Trying to stop junk mail from coming to my house has been quite the challenge. Thankfully, there are now a number of services out there that aid in the process!
Alright folks, get ready for a rant. Junk mail may be one of the most infuriating things I encounter at my home. Way more than half of what I receive each day just ends up in the recycling bin. Insurance marketing, solicitations, restaurant flyers, and about twelve duplicate advertisements for cable and credit cards come to my door every single day.
Remember when I told you that preventing the creation of just one ton of office paper can save approximately 24 mature treesYeah. That’s what I see when I open my mailbox.
I’ll be honest with you: trying to stop junk mail from coming to my house may be one of the greatest challenges I’ve faced since starting Zero Waste. I mean that. I’ve spent countless hours on the phone with businesses trying to get them to cut the crap and stop sending me mail. Thankfully, there are now a number of services out there that aid in the process. And I’m so thankful for them!
5 Services That Will Help You Get Rid of Junk Mail
Each of these online services involve registering for an account and then going through a checklist process of opting out of mail you don’t want. Pretty handy! They won’t take care of 100% of your junk mail, but they should help quite a bit.
CatalogChoice.org is a free service that helps you get rid of junk mail and unwanted magazines. Just create an account and select the companies you wish to stop receiving direct mail from. This one is very easy to navigate!
DMAChoice.org helps you manage your mail by opting out of groups like Credit Offers, Catalogs, Magazine Offers and Other Mail Offers. Remove yourself from entire groups at once, or hone in on a specific company.
Opt Out Prescreen
OptOutPrescreen.com is the official Consumer Credit Reporting Industry website to process opt-in and opt-out requests from consumers related to credit or insurance. Heck yes!
41Pounds.org will handle the vast majority (they say 80-95%) of your junk mail and catalogs for a fee. The service costs $35, but a donation of $10 goes directly to partner nonprofits like American Forests, The Center for Biological Diversity, Trees for the Future, and several others! Love it.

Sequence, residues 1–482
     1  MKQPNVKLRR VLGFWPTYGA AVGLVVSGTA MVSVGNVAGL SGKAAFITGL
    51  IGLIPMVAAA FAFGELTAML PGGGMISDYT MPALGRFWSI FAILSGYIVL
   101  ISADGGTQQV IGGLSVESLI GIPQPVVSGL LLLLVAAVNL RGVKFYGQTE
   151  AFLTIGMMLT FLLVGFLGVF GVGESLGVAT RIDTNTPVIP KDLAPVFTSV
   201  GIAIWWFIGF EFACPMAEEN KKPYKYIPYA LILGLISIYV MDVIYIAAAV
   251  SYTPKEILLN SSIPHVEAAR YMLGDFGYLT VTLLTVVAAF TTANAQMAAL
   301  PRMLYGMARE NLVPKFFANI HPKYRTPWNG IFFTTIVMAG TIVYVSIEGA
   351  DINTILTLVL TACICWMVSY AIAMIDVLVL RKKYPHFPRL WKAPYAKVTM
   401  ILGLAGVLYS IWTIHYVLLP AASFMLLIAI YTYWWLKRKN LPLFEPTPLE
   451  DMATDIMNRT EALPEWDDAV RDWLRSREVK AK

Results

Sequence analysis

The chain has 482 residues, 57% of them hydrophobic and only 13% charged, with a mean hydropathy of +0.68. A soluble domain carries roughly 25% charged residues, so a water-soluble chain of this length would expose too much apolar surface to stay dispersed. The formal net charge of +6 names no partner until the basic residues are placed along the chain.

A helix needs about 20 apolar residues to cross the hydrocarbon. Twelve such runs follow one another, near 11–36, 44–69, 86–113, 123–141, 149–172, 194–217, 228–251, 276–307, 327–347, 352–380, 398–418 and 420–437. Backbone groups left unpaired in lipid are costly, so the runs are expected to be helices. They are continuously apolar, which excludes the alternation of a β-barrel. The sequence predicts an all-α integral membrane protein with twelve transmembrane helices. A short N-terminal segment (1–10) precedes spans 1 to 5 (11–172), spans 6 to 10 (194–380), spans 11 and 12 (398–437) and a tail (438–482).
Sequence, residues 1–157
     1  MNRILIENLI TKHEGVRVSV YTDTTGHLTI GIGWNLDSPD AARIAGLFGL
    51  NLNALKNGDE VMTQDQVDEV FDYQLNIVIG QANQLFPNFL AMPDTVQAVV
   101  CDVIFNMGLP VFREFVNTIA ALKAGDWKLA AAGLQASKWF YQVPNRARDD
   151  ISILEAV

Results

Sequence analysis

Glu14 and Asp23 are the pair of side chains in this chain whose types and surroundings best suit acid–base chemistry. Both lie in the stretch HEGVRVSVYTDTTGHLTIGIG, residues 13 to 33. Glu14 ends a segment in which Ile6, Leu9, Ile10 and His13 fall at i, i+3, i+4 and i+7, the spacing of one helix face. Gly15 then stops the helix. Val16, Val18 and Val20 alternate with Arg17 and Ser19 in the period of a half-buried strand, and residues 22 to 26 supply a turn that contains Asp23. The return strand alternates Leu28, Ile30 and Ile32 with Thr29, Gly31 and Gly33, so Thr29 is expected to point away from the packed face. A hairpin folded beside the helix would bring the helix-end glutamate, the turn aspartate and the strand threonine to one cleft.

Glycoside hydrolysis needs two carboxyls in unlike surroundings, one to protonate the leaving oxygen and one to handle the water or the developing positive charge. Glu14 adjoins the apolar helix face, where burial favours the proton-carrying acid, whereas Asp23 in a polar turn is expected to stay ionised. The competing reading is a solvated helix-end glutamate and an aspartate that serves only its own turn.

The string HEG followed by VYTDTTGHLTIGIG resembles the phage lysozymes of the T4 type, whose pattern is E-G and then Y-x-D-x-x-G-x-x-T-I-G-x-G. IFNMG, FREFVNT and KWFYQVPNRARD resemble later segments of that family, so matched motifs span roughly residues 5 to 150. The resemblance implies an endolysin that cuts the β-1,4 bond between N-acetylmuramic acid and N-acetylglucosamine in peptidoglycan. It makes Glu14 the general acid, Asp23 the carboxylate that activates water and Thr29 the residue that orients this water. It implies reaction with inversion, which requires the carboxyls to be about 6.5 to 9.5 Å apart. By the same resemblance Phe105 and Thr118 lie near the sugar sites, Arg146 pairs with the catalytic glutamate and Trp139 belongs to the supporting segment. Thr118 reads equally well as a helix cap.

What To Do With the Junk Mail You Receive
Go ahead and examine the contents of your mailbox. Pull out the pieces you don’t want or need and attack them right away!
Go to CatalogChoice.org to cancel catalogs, or call the catalog number directly. Don’t tolerate them.
Do not open the letter. Write “Refused – Return to Sender” and “Take Me Off Your Mailing List” on the front of the unopened envelop, then send back with outgoing mail the next day.
Mail Addressed to Previous Residents
Fill out a U.S. Postal Service change-of-address card for each prior resident for whom you receive mail.
In lieu of a new address, just write: “Moved, no forwarding address” and sign your name by writing “Form filled by current resident of home: [your name]. Agent for the above.”
Hand to your postal carrier or clerk.
Standard Third-Class Mail
Do not open these either. Write “Refused – Return to Sender” and “Take Me Off Your Mailing List” on the front of the unopened envelop, then send back with outgoing mail the next day.
Your other option is to open it and look for contact information, then call to be taken off the mailing list.
Local Bulk Mail
Community-born mailing like this (such as community education catalogs) are not addressed to specific names or addresses, but to “local” or “postal customer.”
Because these mailings are sent by carrier route, the postal supervisor or carrier is not allowed to return to sender. He/she will just throw them away, which is not what you want!
The best way to reduce production of these mailings is to contact the sender directly and convince them to choose a different type of postage (i.e. one that is direct to a name) or to opt for online communication instead. Put on that Leslie Knope attitude and get to it!
Specific Instructions for Valpak and Others
Still receiving mail? First, call each offender directly and ask to be removed from their mailing lists. Second, use these forms to get off the list of all direct marketers like Valpak (by Cox Target Media), Red Plum (By Valassis Direct Mail, Inc.), and Abacus (By Epsilon). Wishing you luck in the fight!
What’s the most infuriating piece of junk mail that keeps plaguing your mailbox?
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